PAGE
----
In addition, SnapView can be tuned to track the data areas that have changed down to a 2 KB level from the default of 64 KB. This capability greatly reduces the amount of data that SAN Copy needs to transfer to the remote site. However, the finer grained the tracking, the more potential performance impact to the production environment at the Production Site. Network bandwidth, data currency requirements, and production overhead will dictate the level of granularity desired.

Referring to FIG. 8, the Release Marked Data Image Functional Block 50 of FIG. 2 is now described. In step, 108 the use case begins after transfer of the data have been started. This step loops with an appropriate delay of step 110 between each iteration until the periodic update is completed. Completed, in this context, could be a successful transfer or a failed transfer, according to the query of step 112. In step 114, which occurs if the data transfer is successful, an administrative request is sent to the Remote location to unprotect the data in step 116. In step 117, this event is suspended until an acknowledgement is received from the Remote location or until a time out has expired. The acknowledgement could indicate that the operation at the Remote location failed. If the transfer failed, then the protected images at the Remote location should be maintained until a successful transfer occurs, and eventually in step 118 the use case ends.

Referring to FIG. 9, Unprotect data Functional Block 60 of FIG. 2 is now described. Preferably, this event occurs at the Remote System 18. A purpose of this step is to stop the preferred EMC Snapview Snap sessions that were used to hold the consistent data. This can be used for cleanup or during the normal processing of an update. In steps 120 and 122, the use case begins at the Remote location when an administrative request is received from the Production Site 11. In step 124, the administrative request contains enough information to stop the preferred Snap session(s) to unprotect the consistent data image at the remote site. In step 126, an acknowledgement is sent back to the Production Site 11. The acknowledgment indicates the result of the stop of the snap sessions(s) in step 128 and the use case ends.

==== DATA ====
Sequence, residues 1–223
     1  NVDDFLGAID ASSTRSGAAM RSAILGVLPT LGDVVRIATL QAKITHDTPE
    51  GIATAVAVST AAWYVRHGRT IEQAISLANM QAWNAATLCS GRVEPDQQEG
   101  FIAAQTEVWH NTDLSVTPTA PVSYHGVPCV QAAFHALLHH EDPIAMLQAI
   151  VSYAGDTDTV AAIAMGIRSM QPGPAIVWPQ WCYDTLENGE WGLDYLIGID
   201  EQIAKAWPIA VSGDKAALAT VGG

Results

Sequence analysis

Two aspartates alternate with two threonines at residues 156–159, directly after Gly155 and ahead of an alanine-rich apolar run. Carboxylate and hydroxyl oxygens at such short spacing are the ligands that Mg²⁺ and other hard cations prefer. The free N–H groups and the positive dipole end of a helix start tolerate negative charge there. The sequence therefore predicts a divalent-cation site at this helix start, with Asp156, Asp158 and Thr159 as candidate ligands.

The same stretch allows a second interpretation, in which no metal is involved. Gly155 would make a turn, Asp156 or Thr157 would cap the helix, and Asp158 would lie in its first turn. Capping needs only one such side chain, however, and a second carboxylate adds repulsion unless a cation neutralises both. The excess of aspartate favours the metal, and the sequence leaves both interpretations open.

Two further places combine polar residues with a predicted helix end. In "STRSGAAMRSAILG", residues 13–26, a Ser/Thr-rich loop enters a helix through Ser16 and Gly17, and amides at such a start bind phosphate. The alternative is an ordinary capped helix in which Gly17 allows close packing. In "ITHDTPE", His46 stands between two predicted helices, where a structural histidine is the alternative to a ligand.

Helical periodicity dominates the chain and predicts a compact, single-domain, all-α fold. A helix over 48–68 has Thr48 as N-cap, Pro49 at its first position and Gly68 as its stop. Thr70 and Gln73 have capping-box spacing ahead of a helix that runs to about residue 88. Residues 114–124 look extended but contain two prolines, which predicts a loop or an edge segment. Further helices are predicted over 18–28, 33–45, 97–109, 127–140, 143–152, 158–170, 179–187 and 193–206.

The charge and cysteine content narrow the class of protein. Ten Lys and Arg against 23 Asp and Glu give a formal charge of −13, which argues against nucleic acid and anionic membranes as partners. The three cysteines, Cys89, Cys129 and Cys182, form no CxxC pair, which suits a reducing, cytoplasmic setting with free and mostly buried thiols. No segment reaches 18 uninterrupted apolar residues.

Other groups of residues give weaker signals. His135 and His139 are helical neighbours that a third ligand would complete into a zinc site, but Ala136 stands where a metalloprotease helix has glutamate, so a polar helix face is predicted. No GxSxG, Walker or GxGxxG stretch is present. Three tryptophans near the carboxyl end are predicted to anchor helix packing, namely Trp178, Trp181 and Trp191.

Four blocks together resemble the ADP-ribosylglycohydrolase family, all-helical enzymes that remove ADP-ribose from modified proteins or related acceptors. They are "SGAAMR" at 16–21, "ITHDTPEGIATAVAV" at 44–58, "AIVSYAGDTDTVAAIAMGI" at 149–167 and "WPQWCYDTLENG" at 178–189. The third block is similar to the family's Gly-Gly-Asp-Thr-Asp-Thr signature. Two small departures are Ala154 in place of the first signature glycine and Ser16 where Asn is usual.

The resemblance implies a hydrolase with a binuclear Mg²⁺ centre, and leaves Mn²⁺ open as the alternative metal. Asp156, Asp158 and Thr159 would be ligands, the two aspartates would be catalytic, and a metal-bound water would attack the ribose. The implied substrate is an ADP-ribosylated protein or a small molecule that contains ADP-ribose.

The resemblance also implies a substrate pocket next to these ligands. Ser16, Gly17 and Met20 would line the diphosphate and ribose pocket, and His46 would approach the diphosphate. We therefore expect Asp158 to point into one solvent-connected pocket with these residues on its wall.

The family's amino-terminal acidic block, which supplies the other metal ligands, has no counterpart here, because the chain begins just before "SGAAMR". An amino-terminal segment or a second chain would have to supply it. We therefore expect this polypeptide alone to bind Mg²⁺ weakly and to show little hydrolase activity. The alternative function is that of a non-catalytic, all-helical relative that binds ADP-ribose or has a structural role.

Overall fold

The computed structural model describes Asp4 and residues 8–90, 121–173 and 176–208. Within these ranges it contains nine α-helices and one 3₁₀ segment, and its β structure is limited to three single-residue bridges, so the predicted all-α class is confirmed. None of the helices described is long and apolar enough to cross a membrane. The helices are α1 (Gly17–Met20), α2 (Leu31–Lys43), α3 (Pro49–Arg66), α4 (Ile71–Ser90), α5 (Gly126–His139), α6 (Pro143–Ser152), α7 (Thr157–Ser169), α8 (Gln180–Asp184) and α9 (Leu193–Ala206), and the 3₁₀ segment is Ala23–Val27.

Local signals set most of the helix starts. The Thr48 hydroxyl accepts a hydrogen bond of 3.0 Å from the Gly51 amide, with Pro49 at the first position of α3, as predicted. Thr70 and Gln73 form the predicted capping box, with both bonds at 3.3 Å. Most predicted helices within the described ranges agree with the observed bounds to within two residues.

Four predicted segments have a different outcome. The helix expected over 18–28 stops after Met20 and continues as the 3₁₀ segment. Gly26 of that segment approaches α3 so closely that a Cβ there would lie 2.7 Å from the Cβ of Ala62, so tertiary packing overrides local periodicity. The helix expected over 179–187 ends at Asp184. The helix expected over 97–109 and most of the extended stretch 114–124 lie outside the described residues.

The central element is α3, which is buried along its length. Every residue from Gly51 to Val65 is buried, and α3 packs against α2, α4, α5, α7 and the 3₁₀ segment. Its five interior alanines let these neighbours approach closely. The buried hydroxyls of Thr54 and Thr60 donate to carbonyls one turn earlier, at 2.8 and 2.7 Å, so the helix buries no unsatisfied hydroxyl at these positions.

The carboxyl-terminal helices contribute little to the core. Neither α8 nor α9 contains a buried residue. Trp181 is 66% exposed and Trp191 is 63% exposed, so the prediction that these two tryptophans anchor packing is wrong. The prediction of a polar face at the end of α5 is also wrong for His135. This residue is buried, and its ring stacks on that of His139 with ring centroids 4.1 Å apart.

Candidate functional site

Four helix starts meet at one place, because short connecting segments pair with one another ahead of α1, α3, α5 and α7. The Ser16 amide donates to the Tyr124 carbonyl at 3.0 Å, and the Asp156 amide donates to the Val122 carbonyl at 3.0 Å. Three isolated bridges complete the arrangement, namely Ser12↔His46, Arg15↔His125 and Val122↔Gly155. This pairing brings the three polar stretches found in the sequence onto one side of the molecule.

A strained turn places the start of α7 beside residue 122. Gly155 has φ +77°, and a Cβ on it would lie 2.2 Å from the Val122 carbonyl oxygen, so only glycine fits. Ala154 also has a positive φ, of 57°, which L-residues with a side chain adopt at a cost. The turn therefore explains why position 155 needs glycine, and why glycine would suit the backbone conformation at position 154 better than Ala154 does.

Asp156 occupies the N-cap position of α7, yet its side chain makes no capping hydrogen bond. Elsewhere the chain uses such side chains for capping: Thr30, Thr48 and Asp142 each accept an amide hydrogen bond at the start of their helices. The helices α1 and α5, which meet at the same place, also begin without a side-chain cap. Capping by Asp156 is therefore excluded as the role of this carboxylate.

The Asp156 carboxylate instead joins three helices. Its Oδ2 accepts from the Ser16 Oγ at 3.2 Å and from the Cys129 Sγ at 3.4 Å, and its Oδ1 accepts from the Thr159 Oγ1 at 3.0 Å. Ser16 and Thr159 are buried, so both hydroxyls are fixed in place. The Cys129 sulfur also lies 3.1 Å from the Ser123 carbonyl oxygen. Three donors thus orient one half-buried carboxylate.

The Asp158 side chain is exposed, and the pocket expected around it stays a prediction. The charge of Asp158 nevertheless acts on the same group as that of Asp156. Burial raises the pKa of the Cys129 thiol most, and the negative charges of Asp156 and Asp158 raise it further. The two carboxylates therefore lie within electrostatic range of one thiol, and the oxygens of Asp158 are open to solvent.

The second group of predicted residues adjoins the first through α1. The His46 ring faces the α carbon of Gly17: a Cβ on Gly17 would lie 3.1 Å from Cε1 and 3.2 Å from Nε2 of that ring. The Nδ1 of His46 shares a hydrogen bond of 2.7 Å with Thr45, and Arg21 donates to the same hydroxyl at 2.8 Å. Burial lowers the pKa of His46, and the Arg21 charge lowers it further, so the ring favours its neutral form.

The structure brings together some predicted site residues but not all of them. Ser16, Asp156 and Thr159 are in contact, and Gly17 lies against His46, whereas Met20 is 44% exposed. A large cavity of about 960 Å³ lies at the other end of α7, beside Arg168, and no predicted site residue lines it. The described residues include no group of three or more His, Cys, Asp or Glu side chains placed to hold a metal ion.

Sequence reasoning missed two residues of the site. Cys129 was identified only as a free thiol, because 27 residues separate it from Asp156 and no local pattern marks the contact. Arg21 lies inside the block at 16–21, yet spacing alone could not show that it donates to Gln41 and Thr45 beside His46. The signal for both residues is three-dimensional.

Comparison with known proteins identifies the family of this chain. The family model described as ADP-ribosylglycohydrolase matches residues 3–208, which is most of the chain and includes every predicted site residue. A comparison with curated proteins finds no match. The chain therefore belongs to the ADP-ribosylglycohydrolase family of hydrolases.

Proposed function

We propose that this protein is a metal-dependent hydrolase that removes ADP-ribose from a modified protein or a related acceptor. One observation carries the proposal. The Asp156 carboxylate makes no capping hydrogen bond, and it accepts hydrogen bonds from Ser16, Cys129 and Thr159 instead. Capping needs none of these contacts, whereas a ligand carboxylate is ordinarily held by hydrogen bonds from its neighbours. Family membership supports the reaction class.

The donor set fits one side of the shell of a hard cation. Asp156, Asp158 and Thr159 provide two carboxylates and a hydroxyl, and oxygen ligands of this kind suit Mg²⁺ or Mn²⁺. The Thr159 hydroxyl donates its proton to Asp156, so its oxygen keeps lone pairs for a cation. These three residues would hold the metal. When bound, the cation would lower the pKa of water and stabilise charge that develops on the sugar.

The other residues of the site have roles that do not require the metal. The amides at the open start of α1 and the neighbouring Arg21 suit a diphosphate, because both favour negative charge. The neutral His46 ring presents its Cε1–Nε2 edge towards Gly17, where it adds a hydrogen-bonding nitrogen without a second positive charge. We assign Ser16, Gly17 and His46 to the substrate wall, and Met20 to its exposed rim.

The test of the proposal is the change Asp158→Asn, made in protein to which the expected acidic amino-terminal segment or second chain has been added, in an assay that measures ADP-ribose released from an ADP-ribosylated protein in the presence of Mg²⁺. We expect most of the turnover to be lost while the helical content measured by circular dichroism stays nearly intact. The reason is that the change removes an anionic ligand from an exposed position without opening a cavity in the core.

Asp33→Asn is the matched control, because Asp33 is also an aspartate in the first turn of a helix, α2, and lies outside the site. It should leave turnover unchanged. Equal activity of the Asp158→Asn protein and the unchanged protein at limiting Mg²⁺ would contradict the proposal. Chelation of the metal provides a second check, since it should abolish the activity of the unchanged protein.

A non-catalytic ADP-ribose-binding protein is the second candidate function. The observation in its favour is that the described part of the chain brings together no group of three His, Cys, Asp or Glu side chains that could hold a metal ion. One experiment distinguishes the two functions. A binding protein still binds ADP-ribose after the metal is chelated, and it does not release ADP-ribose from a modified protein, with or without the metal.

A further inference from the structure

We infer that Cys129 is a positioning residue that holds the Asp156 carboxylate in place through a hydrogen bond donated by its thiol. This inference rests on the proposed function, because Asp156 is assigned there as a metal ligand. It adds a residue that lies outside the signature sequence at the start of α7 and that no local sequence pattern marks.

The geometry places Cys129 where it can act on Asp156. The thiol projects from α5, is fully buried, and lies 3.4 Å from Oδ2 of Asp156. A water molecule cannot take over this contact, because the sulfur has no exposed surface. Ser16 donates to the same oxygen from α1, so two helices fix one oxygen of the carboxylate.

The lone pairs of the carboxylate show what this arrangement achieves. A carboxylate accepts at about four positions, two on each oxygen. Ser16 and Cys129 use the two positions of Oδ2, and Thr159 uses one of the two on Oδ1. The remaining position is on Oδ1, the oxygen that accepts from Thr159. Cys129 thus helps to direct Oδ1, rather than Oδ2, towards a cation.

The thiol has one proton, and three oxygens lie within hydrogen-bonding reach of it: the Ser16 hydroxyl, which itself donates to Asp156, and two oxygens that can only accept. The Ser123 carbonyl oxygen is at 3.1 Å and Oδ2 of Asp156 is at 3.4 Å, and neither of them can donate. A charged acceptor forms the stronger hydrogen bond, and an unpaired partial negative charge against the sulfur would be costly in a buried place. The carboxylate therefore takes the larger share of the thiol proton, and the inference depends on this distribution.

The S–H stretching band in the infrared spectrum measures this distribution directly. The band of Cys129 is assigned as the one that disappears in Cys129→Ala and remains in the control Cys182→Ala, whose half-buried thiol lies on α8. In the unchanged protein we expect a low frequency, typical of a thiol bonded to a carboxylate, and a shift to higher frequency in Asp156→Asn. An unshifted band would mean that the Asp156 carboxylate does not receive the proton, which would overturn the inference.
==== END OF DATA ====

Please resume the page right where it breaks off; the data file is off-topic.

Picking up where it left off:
Preferred Alternative Embodiment Description

FIGS. 11-19, described now, show an alternative embodiment of the present invention and which are useful for copying large amounts of data with incremental copying in a data storage environment. In general incremental copy done while the incremental copy session is unmarked provides certain performance advantages, which are discussed below.

Overview of Alternative Embodiment

Generally, in order to copy the entire contents of a Source LUN to one or more destinations, the user must perform a full copy. This full copy can be performed while the preferred Incremental SAN Copy Session is marked or unmarked. Performing a full copy while the ISC Session is unmarked has the following advantages: (i) better host write performance during the operation; (ii) faster copy, i.e., data is copied from the Source to the Target destinations faster; and (3) it will not run out of COFW data area.

Performing a full copy operation from an ISC Source to its destinations may take a long time. But, the inventors have critically recognized that if the ISC Session remains unmarked during this time, host write requests received by the Source LUN during the operation will not require COFW operations to be performed. This improves host write performance significantly. Additionally, because COFW operations are not performed, there is no risk that the ISC Session will run out of COFW data area causing the copy to fail.